For many children eating at McDonald's in the future, the Happy Meal they get may not make them quite as happy as it once did.
McDonald's has announced the company will reduce the serving of fries in Happy Meals to a half order, adding a half order of apples or other nutritional choices instead.
For company public relations, and for parents who want their children to eat more nutritious meals but lack the foresight and backbone to get that done, the Happy Meal change is a winning proposition.
The change, to begin in early 2012, results in a 20 percent reduction in calories, fat and sodium in the Happy Meal.
Childhood obesity is a major, growing problem in the United States and fast food, high in sodium, sugar, saturated fats and calories is often targeted as a leading culprit.
But there's also a more compelling plot to this McDonald's story, involving the children and the parents. For starters, McDonald's says it is making the change because customers desire such a move.
Yet apples are currently available as a choice for those who order Happy Meals. Already, a full order of apples can be substituted for a full order of fries with the popular child's meal that comes with a toy.
But despite that option, only 11 percent of McDonald's customers make that choice.
Thus, we can only assume that an underlying problem with childhood obesity in the United States is not so much the food offerings but systematic weakness among parents and other caregivers. Healthier choices are already available, but the people ordering Happy Meals are giving in to the desires of children -- the 89 percent who think happiness comes with a full order or fries.
It's clear that children want fries, with higher fat and sodium content instead of apples. Since it's not standard fare, but only a choice, parents and others ordering for children aren't able to make the best decision for children. Because of that weakness, McDonald's must reduce the order of fries to a half order -- giving parents and others who order for children leverage to say "that's just the way it is."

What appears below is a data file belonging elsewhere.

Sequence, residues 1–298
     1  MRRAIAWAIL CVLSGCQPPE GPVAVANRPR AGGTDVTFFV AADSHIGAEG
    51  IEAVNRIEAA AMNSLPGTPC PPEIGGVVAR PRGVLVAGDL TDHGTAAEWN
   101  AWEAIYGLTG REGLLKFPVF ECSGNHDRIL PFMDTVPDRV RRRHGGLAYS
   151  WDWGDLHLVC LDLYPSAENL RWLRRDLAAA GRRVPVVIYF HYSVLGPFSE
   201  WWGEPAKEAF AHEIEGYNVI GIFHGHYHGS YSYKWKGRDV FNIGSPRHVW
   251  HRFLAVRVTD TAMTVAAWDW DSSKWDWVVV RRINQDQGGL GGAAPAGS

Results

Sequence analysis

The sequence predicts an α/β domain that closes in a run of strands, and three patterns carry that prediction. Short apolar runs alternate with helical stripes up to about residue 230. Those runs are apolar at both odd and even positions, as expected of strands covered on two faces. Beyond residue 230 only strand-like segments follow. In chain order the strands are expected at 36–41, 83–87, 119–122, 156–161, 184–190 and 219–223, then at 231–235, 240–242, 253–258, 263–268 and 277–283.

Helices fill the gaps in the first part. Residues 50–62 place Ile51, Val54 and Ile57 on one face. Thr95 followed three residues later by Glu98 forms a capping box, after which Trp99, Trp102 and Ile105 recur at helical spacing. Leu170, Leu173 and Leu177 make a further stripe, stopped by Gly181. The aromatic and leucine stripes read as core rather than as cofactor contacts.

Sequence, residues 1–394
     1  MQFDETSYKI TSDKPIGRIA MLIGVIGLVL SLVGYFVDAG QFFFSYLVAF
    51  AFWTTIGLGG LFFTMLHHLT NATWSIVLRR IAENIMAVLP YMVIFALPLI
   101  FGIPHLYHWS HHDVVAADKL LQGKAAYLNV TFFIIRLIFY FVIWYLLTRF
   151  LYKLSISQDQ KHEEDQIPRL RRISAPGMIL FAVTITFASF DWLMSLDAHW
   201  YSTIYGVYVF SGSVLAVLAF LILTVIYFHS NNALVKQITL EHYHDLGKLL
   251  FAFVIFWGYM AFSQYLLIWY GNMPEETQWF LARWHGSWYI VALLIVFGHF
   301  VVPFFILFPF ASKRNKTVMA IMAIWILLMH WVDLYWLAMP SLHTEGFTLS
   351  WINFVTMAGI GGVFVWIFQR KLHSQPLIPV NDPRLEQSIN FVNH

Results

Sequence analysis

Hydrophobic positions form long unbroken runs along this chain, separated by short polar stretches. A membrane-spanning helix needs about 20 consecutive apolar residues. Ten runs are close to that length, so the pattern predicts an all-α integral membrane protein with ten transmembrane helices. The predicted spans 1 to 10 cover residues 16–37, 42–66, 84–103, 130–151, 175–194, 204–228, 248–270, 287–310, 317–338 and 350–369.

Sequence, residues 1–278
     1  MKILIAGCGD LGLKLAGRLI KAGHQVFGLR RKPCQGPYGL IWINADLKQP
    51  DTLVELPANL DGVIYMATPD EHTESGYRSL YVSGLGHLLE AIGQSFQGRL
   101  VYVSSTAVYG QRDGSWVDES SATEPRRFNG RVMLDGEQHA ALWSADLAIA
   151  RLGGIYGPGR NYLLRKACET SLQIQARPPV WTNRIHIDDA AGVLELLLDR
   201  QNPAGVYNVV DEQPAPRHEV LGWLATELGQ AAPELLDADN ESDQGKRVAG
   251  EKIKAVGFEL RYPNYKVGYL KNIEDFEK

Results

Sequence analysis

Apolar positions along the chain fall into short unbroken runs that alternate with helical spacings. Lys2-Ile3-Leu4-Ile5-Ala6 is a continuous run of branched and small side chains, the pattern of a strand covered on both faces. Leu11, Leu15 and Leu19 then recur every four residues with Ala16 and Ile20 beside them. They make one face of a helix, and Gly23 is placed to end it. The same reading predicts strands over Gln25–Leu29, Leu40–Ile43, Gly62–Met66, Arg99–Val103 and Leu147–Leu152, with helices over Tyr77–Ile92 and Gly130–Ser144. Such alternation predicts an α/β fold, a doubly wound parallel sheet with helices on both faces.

And that solution is better than nothing.
But I think we place too much blame for our obesity problem on fast food restaurants. As America gets bigger and bigger, more and more fingers point blame at the industry. Yet we don't seem bothered that drugstores -- drugstores -- sell dangerous cigarettes, or that parents and other caregivers no longer seem to have the sense or backbone to make the proper choice for children.
It's no secret that fast food is not the most nutritious, and it can be dangerous even if consumed on a regular basis. It's also no secret that the lower-priced food in a busy world is frequently the only option for many children. Good for McDonald's for making the change -- it's better than nothing.
Yet blame should be cast where blame properly belongs. Children need stronger hands guiding them through the ordering process. Or stronger hands guiding them away from fast food in general.
Children may get happier with a meal that comes with a full order of fries and a toy, but truth be told, they'd be better off being pushed to avoid the Happy Meal altogether. That would be the most nutritious choice, reducing fat and calories by far more than 20 percent, whether children like it or not.